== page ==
Slipped Disc

A slipped disk occurs when the outer ring of the spinal cord becomes weak and allows the inner portion to slip out. Lifting a very large, heavy object can place great strain on the lower back. If one has a physically demanding job, one is at a higher risk for slipped disks. Overweight individuals are also at increased risk for a slipped disk. One can have a slipped disk in any part of your spine, from your neck to your lower back. The lower back is the most common area for slipped disks. An untreated, severe slipped disk can lead to permanent nerve damage. In very rare cases, a slipped disk can cut off nerve impulses to the nerves in your lower back and legs. This can result in loss of bowel or bladder control.

The following are symptoms of a slipped disk:

• Pain and numbness on one side of the body
• Pain that extends to your arms and/or legs
• Pain that worsens at night
• Pain that worsens after standing or sitting
• Pain when walking short distances
• Unexplained muscle weakness
• Tingling, aching, or burning sensations


The following are treatment options for slipped disc:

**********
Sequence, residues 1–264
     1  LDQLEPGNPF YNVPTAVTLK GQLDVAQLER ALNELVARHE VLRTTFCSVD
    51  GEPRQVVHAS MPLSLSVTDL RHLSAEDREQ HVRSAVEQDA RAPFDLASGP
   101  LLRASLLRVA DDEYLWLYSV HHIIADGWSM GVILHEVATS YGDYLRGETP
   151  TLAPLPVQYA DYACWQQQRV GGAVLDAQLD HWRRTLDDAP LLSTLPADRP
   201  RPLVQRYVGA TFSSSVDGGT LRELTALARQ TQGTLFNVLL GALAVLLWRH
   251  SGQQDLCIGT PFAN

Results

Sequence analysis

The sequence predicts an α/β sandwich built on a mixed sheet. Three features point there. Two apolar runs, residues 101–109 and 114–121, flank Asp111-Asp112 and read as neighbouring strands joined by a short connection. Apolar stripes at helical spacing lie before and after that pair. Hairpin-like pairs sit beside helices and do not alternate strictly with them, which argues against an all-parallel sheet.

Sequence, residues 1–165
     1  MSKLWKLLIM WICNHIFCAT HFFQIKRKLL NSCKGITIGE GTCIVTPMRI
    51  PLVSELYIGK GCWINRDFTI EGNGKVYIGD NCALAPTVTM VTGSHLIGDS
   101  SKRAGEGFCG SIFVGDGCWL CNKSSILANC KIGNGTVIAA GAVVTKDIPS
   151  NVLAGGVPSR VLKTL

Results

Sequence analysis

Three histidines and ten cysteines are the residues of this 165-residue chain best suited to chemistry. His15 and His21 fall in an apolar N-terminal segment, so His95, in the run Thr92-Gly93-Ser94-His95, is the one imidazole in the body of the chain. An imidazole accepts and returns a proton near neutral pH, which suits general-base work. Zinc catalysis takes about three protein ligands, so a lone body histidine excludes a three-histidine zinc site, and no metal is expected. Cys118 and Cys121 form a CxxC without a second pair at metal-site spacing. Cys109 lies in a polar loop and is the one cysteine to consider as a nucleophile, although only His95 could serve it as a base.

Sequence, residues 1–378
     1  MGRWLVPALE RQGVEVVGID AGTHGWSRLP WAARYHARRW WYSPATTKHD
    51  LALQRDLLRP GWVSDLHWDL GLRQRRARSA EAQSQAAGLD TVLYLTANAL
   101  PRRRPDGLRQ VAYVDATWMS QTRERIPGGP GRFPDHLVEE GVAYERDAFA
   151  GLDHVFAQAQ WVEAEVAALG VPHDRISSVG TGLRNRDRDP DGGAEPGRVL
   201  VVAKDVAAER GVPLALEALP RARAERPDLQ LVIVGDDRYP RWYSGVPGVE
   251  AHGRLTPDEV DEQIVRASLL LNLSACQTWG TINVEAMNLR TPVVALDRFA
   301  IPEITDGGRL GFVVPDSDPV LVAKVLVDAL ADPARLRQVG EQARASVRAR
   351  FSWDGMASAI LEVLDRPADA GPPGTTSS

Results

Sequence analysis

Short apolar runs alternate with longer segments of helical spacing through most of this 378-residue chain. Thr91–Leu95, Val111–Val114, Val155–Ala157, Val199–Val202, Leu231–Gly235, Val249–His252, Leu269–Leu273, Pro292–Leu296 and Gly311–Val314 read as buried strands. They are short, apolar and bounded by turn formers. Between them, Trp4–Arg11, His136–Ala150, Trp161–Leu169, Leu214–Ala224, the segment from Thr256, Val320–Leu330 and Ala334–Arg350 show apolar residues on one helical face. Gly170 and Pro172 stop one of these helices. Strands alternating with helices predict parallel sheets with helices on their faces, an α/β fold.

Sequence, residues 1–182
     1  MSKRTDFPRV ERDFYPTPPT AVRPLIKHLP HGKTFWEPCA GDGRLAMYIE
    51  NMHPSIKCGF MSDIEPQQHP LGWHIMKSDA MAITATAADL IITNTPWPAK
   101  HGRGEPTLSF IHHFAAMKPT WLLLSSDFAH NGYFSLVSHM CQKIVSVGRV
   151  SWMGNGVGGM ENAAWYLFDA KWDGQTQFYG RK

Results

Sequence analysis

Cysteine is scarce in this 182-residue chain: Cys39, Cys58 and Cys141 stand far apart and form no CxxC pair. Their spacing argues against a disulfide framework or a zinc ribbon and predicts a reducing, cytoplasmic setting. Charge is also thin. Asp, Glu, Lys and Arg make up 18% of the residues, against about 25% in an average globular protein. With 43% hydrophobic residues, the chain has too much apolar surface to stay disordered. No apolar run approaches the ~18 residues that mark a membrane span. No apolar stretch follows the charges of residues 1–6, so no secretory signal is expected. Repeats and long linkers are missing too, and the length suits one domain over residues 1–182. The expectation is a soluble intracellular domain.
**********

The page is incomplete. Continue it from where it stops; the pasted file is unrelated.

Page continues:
• Exercise program that stretches and strengthens the back and surrounding muscles
• Taking over-the-counter pain relievers
• Muscle relaxers
• Narcotics
• Nerve pain medications
• Surgery


Follow these tips to avoid slipped discs:

• Regular exercise can slow down the age-related deterioration of the discs in your back.
• When sitting or driving for long periods enure that your seat is comfortable and supportive. If possible, take regular breaks to stretch and walk around.
• If your job involves using a computer, take regular breaks away from the computer screen.
• Always try to keep good posture. Walk or stand with your head and shoulders slightly back.
• When sitting in front of a desk, ensure that your chair is the correct height for the desk.

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